EGU21-11901
https://doi.org/10.5194/egusphere-egu21-11901
EGU General Assembly 2021
© Author(s) 2021. This work is distributed under
the Creative Commons Attribution 4.0 License.

An introduction to the ULTIMATE project in Japan

Woosub Roh and Masaki Satoh
Woosub Roh and Masaki Satoh
  • The Atmosphere and Ocean Research Institute, the university of Tokyo, Kashiwa, Japan (ws-roh@aori.u-tokyo.ac.jp)

It is important to evaluate and improve the cloud properties in global non-hydrostatic models like a Nonhydrostatic ICosahedral Atmospheric Model (NICAM, Satoh et al. 2014) using observation data. One of the methods is a radiance-based evaluation using satellite data and a satellite simulator (here Joint simulator, Hashino et al. 2013), which avoids making different settings of the microphysics between retrieval algorithms and NICAM.

The satellite data with active sensors has a limitation to observe the specific case of cloud and precipitation systems. And it is needed to validate satellite observations using in-situ observation. There are intensive observation stations over the Tokyo area, whose domain size is 100 km×100 km. For examples, the High Spectral Resolution Lidar (HSRL, 355 nm), Doppler lidar, and the Cloud Profiling Radar (CPR, 94 GHz) are located in Tokyo. The WInd profiler Network and Data Acquisition System (WINDAS) data is available in Kawaguchiko, Mito, and Kumagaya. Several polarimetric radars cover this area like C-band, Ka band, and X-band phased array.  The ULTIMATE (ULTra sIte for Measuring Atmosphere of Tokyo metropolitan Environment) is proposed to verify and improve high-resolution numerical simulations based on these observation data. In this study, we introduce the preliminary evaluation results of NICAM and applications of the Joint simulator related to the ULTIMATE project.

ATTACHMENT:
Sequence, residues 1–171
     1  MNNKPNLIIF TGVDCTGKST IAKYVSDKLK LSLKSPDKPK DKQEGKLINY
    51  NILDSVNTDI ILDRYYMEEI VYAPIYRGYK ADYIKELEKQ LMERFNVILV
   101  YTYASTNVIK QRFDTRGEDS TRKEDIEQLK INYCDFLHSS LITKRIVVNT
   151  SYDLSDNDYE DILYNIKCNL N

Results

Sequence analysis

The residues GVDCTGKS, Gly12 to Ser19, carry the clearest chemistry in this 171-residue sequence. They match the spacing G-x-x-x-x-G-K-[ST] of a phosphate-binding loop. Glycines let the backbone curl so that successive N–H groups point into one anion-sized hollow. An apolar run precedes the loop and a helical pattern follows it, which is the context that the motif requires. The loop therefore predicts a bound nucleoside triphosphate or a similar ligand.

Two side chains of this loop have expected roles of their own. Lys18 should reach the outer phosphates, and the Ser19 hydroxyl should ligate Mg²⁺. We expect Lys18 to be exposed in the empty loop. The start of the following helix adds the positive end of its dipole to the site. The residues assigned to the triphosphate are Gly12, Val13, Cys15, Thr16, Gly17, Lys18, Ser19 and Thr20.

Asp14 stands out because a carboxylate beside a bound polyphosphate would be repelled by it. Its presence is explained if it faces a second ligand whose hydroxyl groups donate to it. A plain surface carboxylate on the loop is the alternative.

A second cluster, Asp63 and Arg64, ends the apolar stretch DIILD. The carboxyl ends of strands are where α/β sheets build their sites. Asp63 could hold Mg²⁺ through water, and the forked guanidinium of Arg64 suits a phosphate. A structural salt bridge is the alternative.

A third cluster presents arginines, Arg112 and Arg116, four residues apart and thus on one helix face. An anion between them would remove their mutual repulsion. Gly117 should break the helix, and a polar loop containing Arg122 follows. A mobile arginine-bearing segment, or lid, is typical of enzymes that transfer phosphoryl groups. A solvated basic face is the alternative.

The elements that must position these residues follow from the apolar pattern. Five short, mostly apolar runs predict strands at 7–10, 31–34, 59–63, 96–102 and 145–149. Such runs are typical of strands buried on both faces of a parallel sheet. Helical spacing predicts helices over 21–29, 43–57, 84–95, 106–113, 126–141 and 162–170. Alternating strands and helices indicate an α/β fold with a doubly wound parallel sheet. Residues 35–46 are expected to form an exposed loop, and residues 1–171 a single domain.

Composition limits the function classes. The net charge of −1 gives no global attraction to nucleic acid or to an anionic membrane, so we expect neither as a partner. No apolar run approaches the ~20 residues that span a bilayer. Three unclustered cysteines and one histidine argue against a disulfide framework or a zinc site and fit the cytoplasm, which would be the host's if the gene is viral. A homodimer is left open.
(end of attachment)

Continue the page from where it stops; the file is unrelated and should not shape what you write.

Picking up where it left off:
How to cite: Roh, W. and Satoh, M.: An introduction to the ULTIMATE project in Japan, EGU General Assembly 2021, online, 19–30 Apr 2021, EGU21-11901, https://doi.org/10.5194/egusphere-egu21-11901, 2021.

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